Rajat Gupta Charged – Rajat K. Gupta, a former Goldman Sachs director who surrendered to the Federal Bureau of Investigation on Wednesday morning, was charged with insider trading, the latest development in the government’s multiyear crackdown on illegal activity on Wall Street.
He is accused of leaking corporate secrets to the hedge fund manager Raj Rajaratnam, the Galleon Group co-founder who was sentenced to 11 years in prison this month for making tens of millions of dollars through insider trading. A federal grand jury in Manhattan charged him with one count of conspiracy to commit securities fraud and five counts of securities fraud, all related to tips on Goldman Sachs in 2008.
“Gupta was entrusted by some of the premier institutions of American business to sit inside their boardrooms, among their executives and directors, and receive their confidential information so that he could give advice and counsel for the benefit of their shareholders,” Preet Bharara, the United States attorney in Manhattan, said in a statement. “As alleged, he broke that trust and instead became the illegal eyes and ears in the boardroom for his friend and business associate, Raj Rajaratnam, who reaped enormous profits from Mr. Gupta’s breach of duty.”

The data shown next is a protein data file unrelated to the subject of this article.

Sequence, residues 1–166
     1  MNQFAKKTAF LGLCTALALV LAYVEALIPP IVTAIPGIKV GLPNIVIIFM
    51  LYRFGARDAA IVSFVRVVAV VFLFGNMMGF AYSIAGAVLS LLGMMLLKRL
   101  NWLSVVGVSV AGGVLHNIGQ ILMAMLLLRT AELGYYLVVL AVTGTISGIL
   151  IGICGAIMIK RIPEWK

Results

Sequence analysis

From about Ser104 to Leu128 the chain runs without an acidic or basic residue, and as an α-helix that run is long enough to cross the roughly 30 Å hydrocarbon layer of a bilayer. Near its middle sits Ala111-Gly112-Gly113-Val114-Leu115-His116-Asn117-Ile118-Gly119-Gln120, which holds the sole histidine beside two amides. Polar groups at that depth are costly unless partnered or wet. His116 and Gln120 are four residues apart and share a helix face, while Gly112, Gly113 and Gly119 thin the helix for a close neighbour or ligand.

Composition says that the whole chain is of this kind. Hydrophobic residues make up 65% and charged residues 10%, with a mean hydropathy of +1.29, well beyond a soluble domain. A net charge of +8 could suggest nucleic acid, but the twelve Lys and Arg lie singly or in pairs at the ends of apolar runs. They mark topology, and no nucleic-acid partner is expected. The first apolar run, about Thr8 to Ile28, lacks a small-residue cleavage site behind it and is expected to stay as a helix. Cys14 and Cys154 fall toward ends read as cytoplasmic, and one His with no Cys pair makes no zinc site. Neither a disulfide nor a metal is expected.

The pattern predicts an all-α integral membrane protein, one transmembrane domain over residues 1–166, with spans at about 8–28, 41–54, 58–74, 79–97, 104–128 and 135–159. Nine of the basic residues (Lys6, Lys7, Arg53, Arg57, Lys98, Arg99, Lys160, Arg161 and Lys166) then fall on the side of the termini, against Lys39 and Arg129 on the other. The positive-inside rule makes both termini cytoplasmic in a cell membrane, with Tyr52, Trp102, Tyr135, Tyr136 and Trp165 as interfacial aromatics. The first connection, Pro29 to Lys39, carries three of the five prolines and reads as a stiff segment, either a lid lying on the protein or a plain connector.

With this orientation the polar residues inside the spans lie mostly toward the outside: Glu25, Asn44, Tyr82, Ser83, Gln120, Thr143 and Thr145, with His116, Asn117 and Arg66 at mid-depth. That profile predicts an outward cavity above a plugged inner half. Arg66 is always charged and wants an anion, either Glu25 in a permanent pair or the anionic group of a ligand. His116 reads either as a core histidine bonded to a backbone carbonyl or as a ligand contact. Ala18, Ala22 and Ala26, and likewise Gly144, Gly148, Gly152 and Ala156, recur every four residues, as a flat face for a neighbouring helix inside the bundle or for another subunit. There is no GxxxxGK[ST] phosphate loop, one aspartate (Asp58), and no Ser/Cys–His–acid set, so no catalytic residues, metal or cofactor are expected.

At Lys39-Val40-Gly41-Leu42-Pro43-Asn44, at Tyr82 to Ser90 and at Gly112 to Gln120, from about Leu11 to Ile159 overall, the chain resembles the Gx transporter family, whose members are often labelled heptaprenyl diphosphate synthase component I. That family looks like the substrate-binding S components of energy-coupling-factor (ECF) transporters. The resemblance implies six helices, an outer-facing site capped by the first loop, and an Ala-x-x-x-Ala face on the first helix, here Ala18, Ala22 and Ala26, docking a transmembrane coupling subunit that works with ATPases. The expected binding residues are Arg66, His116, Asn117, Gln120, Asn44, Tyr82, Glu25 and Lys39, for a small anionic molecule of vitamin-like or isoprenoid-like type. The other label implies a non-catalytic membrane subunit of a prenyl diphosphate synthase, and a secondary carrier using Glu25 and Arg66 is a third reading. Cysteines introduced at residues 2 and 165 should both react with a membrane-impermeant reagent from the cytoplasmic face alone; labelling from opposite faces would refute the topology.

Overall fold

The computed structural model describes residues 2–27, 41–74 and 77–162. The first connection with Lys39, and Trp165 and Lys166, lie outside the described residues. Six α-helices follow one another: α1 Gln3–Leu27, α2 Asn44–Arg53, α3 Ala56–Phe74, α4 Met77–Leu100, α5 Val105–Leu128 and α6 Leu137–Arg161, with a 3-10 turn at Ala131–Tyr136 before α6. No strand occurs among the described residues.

In its complaint, authorities claimed that Gupta gave Rajaratnam advance word of Warren E. Buffett’s $5 billion investment in Goldman during the darkest days of the financial crisis. After hanging up from a special board meeting in September 2008, prosecutors say that he called Rajaratnam within 16 seconds. Moments later, with just minutes before the stock market closed, Rajaratnam purchased shares in Goldman.
When the hedge fund manager later sold the position, he netted about $840,000, according to the criminal complaint.
The complaint details ties between Gupta and Rajaratnam that pre date the alleged Goldman tips. From 2003 to 2005, Rajat had money in at least two of Mr. Rajaratnam’s hedge funds, an investment valued at about $2.5 million by March of 2005, according to the complaint. In charging him, the government is tying up one of the biggest loose ends resulting from the investigation into the Galleon Group, which began nearly five years ago at the Securities and Exchange Commission.
The charges are a stunning reversal of fortunes for Gupta. A native of India, he graduated from Harvard Business School and had a global profile as an adviser to some of the nation’s most iconic companies. He served as a director at Goldman, Procter and Gamble and the parent company of American Airlines.
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